MELBOURNE—Australia’s government expects the nation’s resource and energy exports to hit a record of A$252 billion ($182 billion) in 2018-2019, buoyed by climbing prices for commodities such as natural gas and by a weaker Australian dollar.
However, the country’s Department of Industry also said in a report that the value of such exports would edge back to around A$238 billion in 2019-2020 even as volumes rise again, pulled down as growing global supply and concerns over demand pressure prices. The figure for 2017-18 was A$227 billion ($163 billion).
“While global economic growth, industry production and manufacturing output have continued to grow strongly so far in 2018, there are some concerning signs for resource and energy commodity producers, particularly with rising global trade tensions,” the department said in the report, released on Oct. 10.
China and the United States have been bogged down in a tit-for-tat trade dispute that has hit global markets and stoked worries over the outlook for the global economy.
China buys just over half of Australia’s commodity exports, followed by Japan, then South Korea.
Australia expects prices for steelmaking material iron ore to fall to around $52 a ton on a free on board basis in the 2019 calendar year and $51 a ton in 2020, as China’s steel production moderates, down from $59.40 this year.
Still, Australia’s iron ore exports are expected to increase to 878 million tons in 2019-2020 from 869 million tons this financial year and 849 million tons in 2017-2018, driven by a ramp-up in production from the country’s largest producers.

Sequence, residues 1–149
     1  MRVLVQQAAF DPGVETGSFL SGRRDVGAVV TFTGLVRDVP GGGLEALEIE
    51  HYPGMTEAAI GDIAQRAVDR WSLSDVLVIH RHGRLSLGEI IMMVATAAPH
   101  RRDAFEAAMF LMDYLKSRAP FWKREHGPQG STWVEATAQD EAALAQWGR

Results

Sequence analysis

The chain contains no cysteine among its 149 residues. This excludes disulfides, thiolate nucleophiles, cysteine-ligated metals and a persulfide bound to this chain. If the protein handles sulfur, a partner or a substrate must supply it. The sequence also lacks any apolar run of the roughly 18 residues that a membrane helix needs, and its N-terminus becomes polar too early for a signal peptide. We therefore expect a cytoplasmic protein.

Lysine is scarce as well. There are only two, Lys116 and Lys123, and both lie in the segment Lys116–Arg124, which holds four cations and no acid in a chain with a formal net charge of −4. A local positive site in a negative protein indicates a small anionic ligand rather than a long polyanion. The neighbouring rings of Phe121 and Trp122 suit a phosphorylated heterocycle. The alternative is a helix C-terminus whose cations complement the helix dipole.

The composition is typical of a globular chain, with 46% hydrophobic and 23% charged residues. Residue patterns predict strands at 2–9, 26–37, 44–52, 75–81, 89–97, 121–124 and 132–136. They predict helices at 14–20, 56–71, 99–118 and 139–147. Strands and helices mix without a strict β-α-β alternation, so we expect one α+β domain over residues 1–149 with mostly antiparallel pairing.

But the overall value of iron ore exports is expected to drop to $56 billion in 2019-2020 from $61 billion in 2017-18.
The government said prices for metallurgical coal would average $159 a ton in the 2019 calendar year, trimming a forecast drop to $156.80 that it made in June. That would also be down from the $201 a ton it sees for 2018.
It also said that prices for the commodity would average $145 a ton in 2020, less than an earlier forecast of $147.90.
For the first time, the department offered an outlook for lithium, used to make batteries for electric cars. Australia accounts for 17 percent of the world’s lithium production.
Australia’s exports of spodumene, the raw material for lithium, are expected to rise to around $1.1 billion by 2020, from $780 million in 2017 and $117 million in 2012.
Five large plants are planned or under construction in the state of Western Australia that will turn spodumene into intermediate products for the lithium industry such as lithium carbonate or hydroxide.
That investment pipeline will ensure Australia shifts rapidly beyond concentrate production to becoming a refiner of “significant scale” by the early 2020s, the government said.